Last night’s episode of Top Chef brought a welcome dose of New York to the current season, with fancy cooking at Le Bernardin and the eel-skinning that inevitably happens whenever Eric Ripert is around. After a Quickfire full of fish-filleting, the cheftestants moved on to a six-course lunch with the Ripper, only to learn that their challenge would be to re-create his dishes from memory. Stefan got lucky with a lobster dish, Carla successfully poached escolar in oil, and Leah pouted and got things wrong. But in the end it was Jamie Lauren, the last remaining member of Team Rainbow, who was given the boot for making her celery too salty. We spoke with her earlier today about whether she really finds Ripert’s food “uninspiring” and why she has nothing in common with Lisa from last season.
Were you shocked by the outcome of this challenge?
Not at all. I knew that I screwed up and I might be going home.
The decision came down to: Is it better to acknowledge your mistakes and know how to fix them, or to not even know your mistakes and not know how to fix them?
I haven’t even watched the show. I don’t know how it was edited. I was at work last night and I came home and didn’t really feel like watching it. I always own up to my mistakes and know what I did wrong. I don’t even really remember what Leah did or didn’t do, so I can’t really say.
So losing wasn’t a huge blow to you, it seems like.
I never went on the show with the intention of winning. I went on the show to prove to myself that I could actually do it.
You certainly did right by the Team Rainbow name. You were the last to survive, I guess. It’s interesting, every season, there’s a few gay contestants. Last season it was Lisa who made it the furthest.
Yeah. I have heard comparisons, but I don’t think we’re similar at all.
What have people said?
People have said that I’m just the grumpy, bitter lesbian who stands there with her arms folded. I don’t know if they just group all of us lesbians together. It was never about being the lesbian contestant. I’m very proud of who I am as a member of the queer community. But first and foremost I’m a chef. I’m a chef first and a lesbian second.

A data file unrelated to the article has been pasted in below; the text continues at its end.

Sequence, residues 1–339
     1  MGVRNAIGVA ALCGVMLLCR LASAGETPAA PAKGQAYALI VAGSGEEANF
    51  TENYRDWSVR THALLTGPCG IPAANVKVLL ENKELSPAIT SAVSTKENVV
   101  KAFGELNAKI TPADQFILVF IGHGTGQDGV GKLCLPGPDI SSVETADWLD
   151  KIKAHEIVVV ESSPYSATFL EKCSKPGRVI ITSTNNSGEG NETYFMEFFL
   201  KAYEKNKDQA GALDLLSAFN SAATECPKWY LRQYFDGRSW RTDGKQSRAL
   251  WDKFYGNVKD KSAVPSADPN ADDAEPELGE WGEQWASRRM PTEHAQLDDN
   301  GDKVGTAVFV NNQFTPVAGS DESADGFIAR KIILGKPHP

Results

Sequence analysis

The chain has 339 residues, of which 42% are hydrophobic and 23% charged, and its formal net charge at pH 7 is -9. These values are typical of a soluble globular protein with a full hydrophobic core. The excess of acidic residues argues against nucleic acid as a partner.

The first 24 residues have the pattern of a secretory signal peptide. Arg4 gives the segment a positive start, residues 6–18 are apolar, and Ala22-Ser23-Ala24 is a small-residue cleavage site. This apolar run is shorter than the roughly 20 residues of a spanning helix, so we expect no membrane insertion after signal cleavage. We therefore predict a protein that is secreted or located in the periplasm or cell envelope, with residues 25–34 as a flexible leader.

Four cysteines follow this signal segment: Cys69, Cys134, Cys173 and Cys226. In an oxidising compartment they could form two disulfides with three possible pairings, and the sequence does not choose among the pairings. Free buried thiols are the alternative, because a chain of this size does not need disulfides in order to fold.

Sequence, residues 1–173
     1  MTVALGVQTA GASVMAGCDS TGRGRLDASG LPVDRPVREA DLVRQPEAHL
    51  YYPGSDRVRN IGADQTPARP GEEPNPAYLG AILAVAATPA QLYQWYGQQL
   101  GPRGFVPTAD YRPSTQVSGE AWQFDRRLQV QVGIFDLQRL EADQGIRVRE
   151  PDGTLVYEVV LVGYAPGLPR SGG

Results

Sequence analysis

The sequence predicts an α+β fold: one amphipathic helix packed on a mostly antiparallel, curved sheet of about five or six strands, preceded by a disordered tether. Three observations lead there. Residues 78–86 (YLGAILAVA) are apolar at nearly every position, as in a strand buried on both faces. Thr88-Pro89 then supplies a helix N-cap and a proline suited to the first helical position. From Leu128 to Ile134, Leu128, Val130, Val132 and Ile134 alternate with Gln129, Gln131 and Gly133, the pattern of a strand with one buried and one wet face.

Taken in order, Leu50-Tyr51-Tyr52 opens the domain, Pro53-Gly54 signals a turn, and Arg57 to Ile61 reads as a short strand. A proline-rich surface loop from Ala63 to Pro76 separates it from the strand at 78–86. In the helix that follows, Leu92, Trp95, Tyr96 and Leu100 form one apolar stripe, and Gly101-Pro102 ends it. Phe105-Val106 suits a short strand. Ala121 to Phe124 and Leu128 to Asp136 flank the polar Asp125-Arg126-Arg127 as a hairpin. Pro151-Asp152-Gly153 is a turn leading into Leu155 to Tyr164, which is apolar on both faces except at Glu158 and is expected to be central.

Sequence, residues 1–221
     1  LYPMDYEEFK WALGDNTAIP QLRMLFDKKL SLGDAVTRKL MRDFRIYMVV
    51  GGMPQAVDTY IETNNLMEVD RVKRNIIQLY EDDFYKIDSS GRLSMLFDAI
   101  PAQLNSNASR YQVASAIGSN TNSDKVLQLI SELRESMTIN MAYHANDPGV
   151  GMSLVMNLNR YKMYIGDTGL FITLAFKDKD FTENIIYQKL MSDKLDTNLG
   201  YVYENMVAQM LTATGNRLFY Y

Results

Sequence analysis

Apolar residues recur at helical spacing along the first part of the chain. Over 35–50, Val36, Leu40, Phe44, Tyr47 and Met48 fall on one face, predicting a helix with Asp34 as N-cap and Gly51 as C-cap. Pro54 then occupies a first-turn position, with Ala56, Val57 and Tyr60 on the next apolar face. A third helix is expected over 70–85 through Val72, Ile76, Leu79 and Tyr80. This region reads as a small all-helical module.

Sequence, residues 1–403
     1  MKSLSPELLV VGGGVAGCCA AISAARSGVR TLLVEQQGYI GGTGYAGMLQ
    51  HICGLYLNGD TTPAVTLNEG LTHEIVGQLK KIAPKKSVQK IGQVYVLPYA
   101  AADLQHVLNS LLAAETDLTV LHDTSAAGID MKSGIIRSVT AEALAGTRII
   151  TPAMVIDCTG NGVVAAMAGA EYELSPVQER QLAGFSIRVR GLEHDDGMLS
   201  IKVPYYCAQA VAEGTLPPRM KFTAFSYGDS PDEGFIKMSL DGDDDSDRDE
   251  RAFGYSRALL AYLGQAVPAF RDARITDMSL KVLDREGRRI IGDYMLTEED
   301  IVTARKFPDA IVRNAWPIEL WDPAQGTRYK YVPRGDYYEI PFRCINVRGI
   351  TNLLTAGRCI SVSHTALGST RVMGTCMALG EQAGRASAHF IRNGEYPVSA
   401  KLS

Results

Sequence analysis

Of the bottom three, was yours was the worst dish?
I think mine had the worst offense. I think it being oversalted was the biggest problem. You couldn’t eat it; it was oversalted.
You realized the mistake, but it was at the point of no return.
It’s not like I had a chance to go back and braise more celery. I had to plate it, I didn’t have a choice. It was either not plate it or plate it. And either way I was kind of screwed.
One of the things you said in the show was that you found Eric Ripert’s food somewhat uninspiring. Would you say that in general or was it just in regard to the dish that you made?
Out of the dishes that we tasted, that was the most old-school and classic. It’s just not the food that I’m into. That’s what I meant when I said that I was uninspired by it. I am one of those chefs that thrives off of the creative process, so that’s why I had such a hard time with it.
Throughout the season you were sometimes criticized, jokingly or otherwise, for making a lot of scallops. Is that your favorite thing to cook?
No, not at all. The scallops just were there! They were in the kitchen, so somebody needed to use them.
Did Stefan really have a crush on you?
I know Stefan has a crush on me. He still has a crush on me.
What was the highlight of this experience for you — if you had to pick one thing, one dish, one moment?
I think overall the highlight for me was being able to showcase who I am and my talents on a regular basis to 3 million people a week. That’s a huge thing.
How would you compare San Francisco and New York as food towns?
They’re very different. People in San Francisco are into knowing where a product comes from; the whole farm-to-table thing is a really big deal here in the Bay Area. They consider themselves massive, massive foodies. They’ll be the first to remark on something if it’s not right or not local enough. In New York people are a little bit more laid-back.